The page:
I’m pretty sure that every single blog on Frane Selak references the Final Destination movies somehow. In those wretched flicks, a group of attractive youngsters die in a variety of dramatic ways, including being crushed by a neon sign, impaled by a flag hurled by a pussy-ass horse and trisected by a flying barbed-wire fence. The films are terrible. I myself saw the very first film at the cinema and thought it was a whole lot of fun, but in my defence I was 14 years old and 14 year olds are stupid.
What does any of this have to do with an 87-year-old music teacher from Croatia? Well, Frane Selak is world-famous (well, internet-famous at least) for his incredible ability to cheat death. Born in 1929, Selak lived through the misery of World War Two and began his lifelong career as an avoider of the Grim Reaper in 1962.
It was winter, and Selak found himself on a train heading from Sarajevo to Dubrovnik. Being the former Yugoslavia the train decided to fall apart, jumping the track and falling into the frozen river below. 17 individuals died in the accident, but our Frane merely broke his arm and swam to shore. One year later his train was upgraded to a plane, as his flight to Rijeka experienced problems (by which I mean the engines stopped and the plane crashed into a mountain). The door had been blown off before the plane arrived at its final destination however, and Selak was sucked out to safety. Well, a haystack.
Selak completed his public transport trifecta in 1965 when the bus he was travelling on headed towards a valley, killing four but not Frane. Five years later his issues with cars began, as his car engine burst into flames. Selak survived, and survived the same accident in 1973. Twenty peaceful years would pass before Selak was hit by a bus, and another 12 months before he was forced off the road by a bastard-truck-driver (as in a truck driver who was an arsehole, not a truck driver born out of wedlock). His car plummeted to a fiery doom, but Frane himself had managed to jump out of the window and found solace on a tree on the cliffside.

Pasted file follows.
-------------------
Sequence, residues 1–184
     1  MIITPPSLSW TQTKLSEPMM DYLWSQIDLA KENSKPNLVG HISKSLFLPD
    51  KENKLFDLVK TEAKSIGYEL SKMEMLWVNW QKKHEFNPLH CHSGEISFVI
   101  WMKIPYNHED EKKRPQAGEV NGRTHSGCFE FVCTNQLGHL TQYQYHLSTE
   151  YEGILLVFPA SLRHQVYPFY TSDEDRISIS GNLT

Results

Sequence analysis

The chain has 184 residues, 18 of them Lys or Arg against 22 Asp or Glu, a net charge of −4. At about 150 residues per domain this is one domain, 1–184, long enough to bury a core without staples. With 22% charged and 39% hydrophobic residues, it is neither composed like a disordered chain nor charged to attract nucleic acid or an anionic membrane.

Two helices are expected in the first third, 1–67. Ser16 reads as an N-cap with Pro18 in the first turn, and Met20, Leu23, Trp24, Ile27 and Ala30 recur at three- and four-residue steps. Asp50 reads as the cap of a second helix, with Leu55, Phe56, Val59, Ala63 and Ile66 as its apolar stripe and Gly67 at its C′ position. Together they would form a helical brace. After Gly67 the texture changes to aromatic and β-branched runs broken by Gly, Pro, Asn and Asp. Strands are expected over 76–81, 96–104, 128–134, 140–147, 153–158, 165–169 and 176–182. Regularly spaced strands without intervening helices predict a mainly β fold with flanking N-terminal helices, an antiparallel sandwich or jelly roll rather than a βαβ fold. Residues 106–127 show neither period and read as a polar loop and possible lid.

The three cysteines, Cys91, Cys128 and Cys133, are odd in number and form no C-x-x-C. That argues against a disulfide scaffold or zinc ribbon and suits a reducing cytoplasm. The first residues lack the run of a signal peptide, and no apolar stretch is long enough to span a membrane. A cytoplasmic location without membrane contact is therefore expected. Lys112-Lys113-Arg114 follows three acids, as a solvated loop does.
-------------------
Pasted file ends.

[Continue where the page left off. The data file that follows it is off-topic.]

Seven brushes with death, seven miraculous survivals. Does that make Frane lucky or unlucky? He was definitely lucky in 2003, when as a 72-year-old he bought a lottery ticket for the first time and (you can see where this is going) won the jackpot. Frane would give most of the money away to family, echoing Biggie Smalls and Puff Daddy in declaring that ‘money can’t buy happiness’. The Croat has also been married a good solid five times, which probably lends itself more the ‘lucky unlucky’ tag.
This all sounds pretty ridiculous, right? How can it be possible for a man to be so lucky/unlucky? Cheating death on so many occasions, in such a fascinatingly exciting variety of ways? Surely it is too good to be true? Well, maybe it is. It doesn’t matter in truth, as the story is so wonderful that whether it is true or not is irrelevant, but the likelihood is that a lot of the story is exaggeration (or total fabrication).
Take the plane crash for instance. Being sucked out of a plane is plausible, a teenager survived a 3,500ft skydive with a faulty parachute in 2014 after all, but it is highly improbable. The lack of information on the plane crash is the big giveaway, the lack of airline, the lack of flight number, the lack of record of a plane crashing into the side of a mountain and killing everyone on board. These things get documented more often than not.
The other accidents are harder to prove or disprove, but the lack of documentation hints in one chinny-reckons direction. There are lists of rail accidents by year for example, and you’ve gotta dig pretty deep to find a Sarajevo – Dubrovnik 1962 accident in which 17 folk died. I’m still digging. The Daily Telegraph described it as a ‘high-speed train’, and I’m pretty sure there wasn’t a ‘high-speed’ train between the two provincial Yugoslav cities in the 1960s.
Whether or not Frane Selak cheated death on seven occasions is irrelevant, as what is important is the story itself. History is littered with fables and myths that have given people faith and strength, and as time passes Selak’s will surely be added to this list. Nobody wants to be sat around a table in a pub and hear a friend say ‘hey blokes, listen to this one. A bloke from Croatia cheated death like seven times, the first time…’ only to be interrupted by Jimmy Know It All saying ‘actually none of them can be independently verified’. No, we want to hear about the old dude falling out of a plane and landing in a haystack. The story will live on, and so it should. What the moral will be I’m not sure, but hopefully it won’t have anything to do with those Final Destination films.